Escherichia coli (E. coli), a bacteria is an example of a prokaryotic organism. For it to grow, reproduce and survive DNA replication is required for cell division. Prokaryotes have two types of nucleic acids, RNA and DNA which are composed of a molecule of a 5 carbon sugar deoxyribose, a nitrogenous base and a phosphate group, collectively known as a nucleotide. In DNA replication, the DNA is first separated into two daughter cells. These new cells carry the same genetic code as the parent cell. DNA replication in most prokaryotes is bidirectional and starts at a single origins of replication (oriC). The oriC structure is 245 base pairs long. There are three 13 (bp) sequences on its left side - the unwinding weak region, due to high levels of adenine and thymine (ATs) nitrogenous bases. The other region of the oriC contains the consensus sequence 5' - GATCTNTTNTTTT - 3'.
The initiation of replication is caused by DnaA, a protein that binds to an area of the origin known as the DnaA box. In E. coli, there are 5 DnaA boxes. Each has a highly conserved four 9 bp (base pairs) consensus sequence 5' - TTATCCACA - 3'. Binding of DnaA to this region allows the helix structure to become unzipped with the aid of DNA helicase (enzyme) by breaking the hydrogen bonds between the complementary base pairs. The uncoiling continues all the way up to an area of the oriC known as DnaB boxes causing it to melt. Melting requires ATP which is hydrolysed by DnaA. The AT bases facilitate melting due to their being held together by two hydrogen bonds unlike the cytosine and guanine (CGs) which are held by three. After melting, DnaA allows helicase (six DnaB proteins) to go to the opposite end of the melted DNA where the formation of replication fork begins, forming the 'Y'-shaped forks which are the actual sites for DNA copying. Before the formation of the forks, the completion of the prepriming structure is vital. Therefore, recruitment of DnaB needs six DnaC proteins, each of which is attached to one subunit of helicase. The replication fork has a continuous synthesis (only requiring one primer) on the leading strand. The continuous synthesis extends the free 3' end by moving towards the replication fork. As for the discontinuous synthesis it moves away from the fork. It requires lots of primers on the lagging strand which is synthesised in short fragments known as Okazaki fragments. These fragments (1000-2000 nucleotides long) are processed by the replication machinery to continuously producing the DNA strands and hence it completes a daughter DNA helix. The Okazaki fragments are covalently joined by a phosphodiester bond with the aid of DNA ligase enzyme.
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Continuation of replication requires that the single-stranded binding proteins (SSBs) to stop the single DNA chains from making any secondary structures, thus blocking them from reannealing. Topoisomerase (DNA gyrase) enzyme causes breaks in the DNA strands and later rejoins them in order to relieve the strain, creating negative supercoils, which are formed by DnaB. The uncoiling of DNA by DnaB helicase permits for DnaG (primase) and RNA polymerase to prime each DNA template so that DNA synthesis can commence. Therefore, DNA replication requires an RNA primer (5-10 nucleotides long) which is synthesized by RNA polymerase complex known as primase, to join RNA nucleotides without needing a pre-existing strand of nucleic acid. The unpaired bases are now free to bind with other nucleotides with the exact complementary bases by covalent bonds with the aid of enzymes called DNA polymerases. They cannot start a new DNA chain from scratch. DNA polymerase I uses its exonuclease activity to digest RNA and replaces it with DNA. DNA polymerase III (the prominent enzyme in prokaryotes) then replaces the primase and attaches DNA nucleotides to the primer only in the 5' to 3' end direction. It is also able to determine the difference between deoxyribonucleotides and ribonucleotides during replication. The phosphodiester linkage is formed when an additional deoxyribonucleoside triphosphate (dNTP) is added to the 3' end of the growing DNA strand. This bond is made by a nucleophillic attack caused by the 3 hydroxyl group on the alpha phosphate of the dNTP. Also, this enzyme must be able to differentiate between correctly and incorrectly paired bases by their shapes, by strictly following the Watson-Crick base pairs rules.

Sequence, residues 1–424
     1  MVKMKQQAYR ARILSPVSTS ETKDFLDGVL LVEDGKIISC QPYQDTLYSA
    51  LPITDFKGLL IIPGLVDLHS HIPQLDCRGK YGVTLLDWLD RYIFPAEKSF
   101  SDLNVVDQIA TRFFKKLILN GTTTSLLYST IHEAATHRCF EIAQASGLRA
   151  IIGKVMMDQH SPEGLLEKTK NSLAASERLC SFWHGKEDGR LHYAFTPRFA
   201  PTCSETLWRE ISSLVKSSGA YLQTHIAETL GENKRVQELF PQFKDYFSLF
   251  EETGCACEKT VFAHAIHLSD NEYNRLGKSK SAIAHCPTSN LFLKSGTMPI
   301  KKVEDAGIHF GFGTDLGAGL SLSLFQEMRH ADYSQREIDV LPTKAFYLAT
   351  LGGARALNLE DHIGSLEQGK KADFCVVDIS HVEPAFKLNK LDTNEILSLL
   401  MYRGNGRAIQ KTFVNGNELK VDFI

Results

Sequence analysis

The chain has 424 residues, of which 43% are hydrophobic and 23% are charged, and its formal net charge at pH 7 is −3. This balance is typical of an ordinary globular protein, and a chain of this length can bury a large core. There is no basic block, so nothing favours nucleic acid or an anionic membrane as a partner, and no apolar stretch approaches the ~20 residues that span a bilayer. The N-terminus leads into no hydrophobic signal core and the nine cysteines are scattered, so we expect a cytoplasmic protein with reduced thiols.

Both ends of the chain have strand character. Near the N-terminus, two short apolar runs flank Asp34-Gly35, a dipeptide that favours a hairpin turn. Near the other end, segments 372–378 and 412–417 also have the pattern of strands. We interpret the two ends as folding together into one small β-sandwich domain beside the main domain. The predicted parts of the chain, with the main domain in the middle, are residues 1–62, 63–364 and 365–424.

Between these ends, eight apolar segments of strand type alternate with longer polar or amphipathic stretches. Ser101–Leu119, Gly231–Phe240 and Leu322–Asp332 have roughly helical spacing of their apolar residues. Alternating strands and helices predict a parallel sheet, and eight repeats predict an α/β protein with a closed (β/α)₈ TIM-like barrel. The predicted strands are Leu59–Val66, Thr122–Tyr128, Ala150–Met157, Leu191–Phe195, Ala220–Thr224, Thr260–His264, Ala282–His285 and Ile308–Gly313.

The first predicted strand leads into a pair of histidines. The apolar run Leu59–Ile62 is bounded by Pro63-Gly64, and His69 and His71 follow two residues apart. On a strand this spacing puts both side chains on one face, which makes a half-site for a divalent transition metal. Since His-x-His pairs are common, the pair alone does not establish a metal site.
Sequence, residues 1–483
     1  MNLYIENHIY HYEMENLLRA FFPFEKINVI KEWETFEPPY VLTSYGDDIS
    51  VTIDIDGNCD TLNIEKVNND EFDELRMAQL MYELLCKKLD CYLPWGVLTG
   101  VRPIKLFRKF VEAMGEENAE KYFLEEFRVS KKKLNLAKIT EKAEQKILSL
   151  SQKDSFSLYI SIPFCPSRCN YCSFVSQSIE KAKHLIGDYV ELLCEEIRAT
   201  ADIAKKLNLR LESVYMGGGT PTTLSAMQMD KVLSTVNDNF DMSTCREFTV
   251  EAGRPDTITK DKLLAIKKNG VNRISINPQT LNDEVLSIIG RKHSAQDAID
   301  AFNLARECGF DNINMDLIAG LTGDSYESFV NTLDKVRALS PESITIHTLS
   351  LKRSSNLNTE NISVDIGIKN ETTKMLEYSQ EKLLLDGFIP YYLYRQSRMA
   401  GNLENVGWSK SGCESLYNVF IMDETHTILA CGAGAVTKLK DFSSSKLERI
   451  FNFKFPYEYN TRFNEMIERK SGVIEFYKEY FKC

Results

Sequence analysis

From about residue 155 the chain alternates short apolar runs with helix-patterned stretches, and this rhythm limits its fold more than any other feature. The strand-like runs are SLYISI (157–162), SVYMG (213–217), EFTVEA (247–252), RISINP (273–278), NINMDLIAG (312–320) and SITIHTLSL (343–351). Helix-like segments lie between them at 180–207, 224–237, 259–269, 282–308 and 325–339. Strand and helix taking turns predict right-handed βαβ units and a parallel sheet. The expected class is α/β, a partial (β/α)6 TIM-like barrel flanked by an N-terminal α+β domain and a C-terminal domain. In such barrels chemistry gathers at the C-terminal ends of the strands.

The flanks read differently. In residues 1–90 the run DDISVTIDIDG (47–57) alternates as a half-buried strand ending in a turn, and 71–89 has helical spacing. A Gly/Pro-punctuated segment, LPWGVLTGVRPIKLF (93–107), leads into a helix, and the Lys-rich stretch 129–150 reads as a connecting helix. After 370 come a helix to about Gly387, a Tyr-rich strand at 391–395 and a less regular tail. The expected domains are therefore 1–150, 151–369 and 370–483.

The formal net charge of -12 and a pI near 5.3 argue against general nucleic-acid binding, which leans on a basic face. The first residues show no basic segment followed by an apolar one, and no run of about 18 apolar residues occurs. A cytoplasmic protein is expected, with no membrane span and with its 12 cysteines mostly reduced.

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DNA polymerase I is required for high fidelity copying. If not, then mismatching will occur, forming a bulge. DNA polymerase I (a single polypeptide chain) has three domains: poly activity, proofreading and nickase activity. Its nickase activity can recognises the bulge by using its proofreading activity, causing the enzyme to recognise the bases. To get rid of the bulge the nuclease activity will break the bond concerned which will then diffuse away until the correct base pairing is made. Unpaired bases are removed by DNA glycosylases to produce Apurinic/Apyrimidinic sites - AP sites. DNA polymerase I identifies the nick and removes and replaces a region containing the AP sites. DNA polymerase II breaks away the RNA primer and replaces the RNA nucleotides of the primer with the appropriate DNA nucleotides to fill the nick.
The most critical role of DNA is to serve as a recipe for the production of proteins which include enzymes, structural and functional proteins that comprise of an organism's body and help it to form the critical tasks of staying alive.